U.S. military helicopter crashes in Okinawa

A U.S. military helicopter crashed on Monday inside an American base on the southern Japanese island of Okinawa, Japanese officials said, injuring at least one of the crew and sending up a smoke cloud that could be seen for miles.

The accident provides new fodder to Okinawan politicians and activists who say their island, which hosts half of the 50,000 U.S. troops stationed in Japan, is endangered by U.S. exercises and aircraft that frequently pass over tightly packed neighborhoods.

A U.S. Air Force statement said an HH-60 helicopter in the middle of a “local training mission” crashed inside Camp Hansen, in the center of the island.

Japan’s defense minister, Itsunori Onodera, speaking to reporters in Tokyo, said three crew members were confirmed safe and one was taken to the hospital, according to the Associated Press.

Onodera called the incident “regrettable” and asked for an investigation to prevent a recurrence.

Discontent in Okinawa about the presence of U.S. troops is one of the challenges Washington faces as it tries to realign military bases in the region.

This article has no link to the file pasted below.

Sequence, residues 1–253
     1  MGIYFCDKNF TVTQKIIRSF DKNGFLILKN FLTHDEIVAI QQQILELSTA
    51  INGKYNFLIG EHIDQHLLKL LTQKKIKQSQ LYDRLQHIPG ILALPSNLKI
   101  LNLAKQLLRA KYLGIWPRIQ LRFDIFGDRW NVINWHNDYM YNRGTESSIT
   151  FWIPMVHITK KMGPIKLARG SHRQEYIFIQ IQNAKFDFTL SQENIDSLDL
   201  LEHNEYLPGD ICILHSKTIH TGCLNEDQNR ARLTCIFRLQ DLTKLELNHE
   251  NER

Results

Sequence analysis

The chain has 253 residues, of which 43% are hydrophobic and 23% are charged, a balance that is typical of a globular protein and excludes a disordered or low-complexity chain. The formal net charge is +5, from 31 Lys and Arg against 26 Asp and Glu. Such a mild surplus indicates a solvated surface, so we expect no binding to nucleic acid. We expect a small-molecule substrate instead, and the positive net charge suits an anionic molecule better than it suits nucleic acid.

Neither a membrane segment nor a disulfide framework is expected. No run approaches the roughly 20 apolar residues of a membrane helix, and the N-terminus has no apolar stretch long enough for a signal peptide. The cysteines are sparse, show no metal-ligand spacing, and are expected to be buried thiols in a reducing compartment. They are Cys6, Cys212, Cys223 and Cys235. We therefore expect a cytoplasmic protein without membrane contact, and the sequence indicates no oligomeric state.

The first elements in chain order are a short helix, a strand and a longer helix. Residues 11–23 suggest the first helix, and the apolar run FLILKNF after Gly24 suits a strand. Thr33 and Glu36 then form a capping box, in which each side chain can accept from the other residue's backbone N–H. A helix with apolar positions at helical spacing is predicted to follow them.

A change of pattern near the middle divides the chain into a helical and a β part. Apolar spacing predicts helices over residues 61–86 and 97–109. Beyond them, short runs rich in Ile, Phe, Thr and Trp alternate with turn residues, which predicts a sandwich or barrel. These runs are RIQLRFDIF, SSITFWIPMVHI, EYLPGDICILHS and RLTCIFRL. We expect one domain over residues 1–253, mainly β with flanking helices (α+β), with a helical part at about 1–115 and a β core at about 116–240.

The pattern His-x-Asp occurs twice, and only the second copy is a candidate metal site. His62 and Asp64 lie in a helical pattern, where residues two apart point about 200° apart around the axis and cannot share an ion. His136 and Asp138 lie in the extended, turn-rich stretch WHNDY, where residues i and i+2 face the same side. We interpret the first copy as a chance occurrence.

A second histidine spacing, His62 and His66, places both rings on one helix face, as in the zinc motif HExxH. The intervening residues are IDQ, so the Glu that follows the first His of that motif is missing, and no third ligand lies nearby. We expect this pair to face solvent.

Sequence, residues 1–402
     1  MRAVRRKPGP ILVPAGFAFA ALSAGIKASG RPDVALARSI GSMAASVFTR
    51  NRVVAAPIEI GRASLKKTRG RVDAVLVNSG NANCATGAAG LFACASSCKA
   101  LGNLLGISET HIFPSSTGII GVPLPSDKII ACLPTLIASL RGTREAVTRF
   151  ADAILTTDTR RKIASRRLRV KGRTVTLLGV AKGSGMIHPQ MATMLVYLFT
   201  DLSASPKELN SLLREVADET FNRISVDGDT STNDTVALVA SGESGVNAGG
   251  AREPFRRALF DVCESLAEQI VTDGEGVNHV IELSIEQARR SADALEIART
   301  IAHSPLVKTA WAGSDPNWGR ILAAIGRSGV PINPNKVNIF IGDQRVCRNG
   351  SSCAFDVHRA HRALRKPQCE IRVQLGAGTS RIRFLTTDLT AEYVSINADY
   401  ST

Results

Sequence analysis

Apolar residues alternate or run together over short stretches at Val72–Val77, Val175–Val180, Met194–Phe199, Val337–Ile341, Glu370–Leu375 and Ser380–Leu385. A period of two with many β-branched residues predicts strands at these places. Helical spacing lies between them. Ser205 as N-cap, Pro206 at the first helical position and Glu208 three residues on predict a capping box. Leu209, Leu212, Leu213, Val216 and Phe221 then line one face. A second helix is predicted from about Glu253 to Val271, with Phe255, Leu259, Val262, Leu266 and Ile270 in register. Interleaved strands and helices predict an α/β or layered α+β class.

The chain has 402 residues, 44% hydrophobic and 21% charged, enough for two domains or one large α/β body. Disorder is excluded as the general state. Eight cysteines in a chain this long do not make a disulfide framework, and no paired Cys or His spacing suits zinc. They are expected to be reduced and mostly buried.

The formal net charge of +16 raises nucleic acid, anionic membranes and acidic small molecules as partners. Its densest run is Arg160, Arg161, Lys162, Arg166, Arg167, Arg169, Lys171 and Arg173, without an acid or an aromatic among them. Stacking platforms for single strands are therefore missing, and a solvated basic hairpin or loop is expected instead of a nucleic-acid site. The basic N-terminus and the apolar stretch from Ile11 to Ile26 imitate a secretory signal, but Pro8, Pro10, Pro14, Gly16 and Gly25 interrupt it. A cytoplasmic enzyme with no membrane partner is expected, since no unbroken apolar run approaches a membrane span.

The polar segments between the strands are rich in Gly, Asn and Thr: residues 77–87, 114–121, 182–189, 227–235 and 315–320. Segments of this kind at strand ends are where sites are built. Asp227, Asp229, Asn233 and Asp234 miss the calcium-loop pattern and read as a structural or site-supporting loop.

Monday’s accident brought to mind a 2004 crash in which a U.S. helicopter based at Marine Corps Air Station Futenma fell from the sky onto the grounds of Okinawa International University. The helicopter clipped an administrative building.

The Marine base is located adjacent to the university campus in the middle of the densely populated city of Ginowan. For two decades, U.S. and Japanese officials have tried to relocate it.

They agree that crowded Ginowan is no place for combat helicopters and massive transport planes. But the relocation of the base has been blocked by local opposition to the construction of a replacement facility in a less populated northern strip. More recently, the Senate Armed Services Committee also raised concerns about the relocation plan, citing the cost.

Since 1972, U.S. aircraft have been involved in 44 crashes on Okinawa, said NHK, Japan’s public broadcaster. Protests erupted in Okinawa last year when the United States deployed a new fleet of MV-22 Ospreys — aircraft that can take off like helicopters and fly like planes.

Japanese defense officials in Tokyo were in favor of the Ospreys, calling them an effective means to help defend islands that are claimed by both Japan and China. But Okinawans worry about the Osprey’s safety record, which includes several crashes.

Chico Harlan covers personal economics as part of The Post's financial team.

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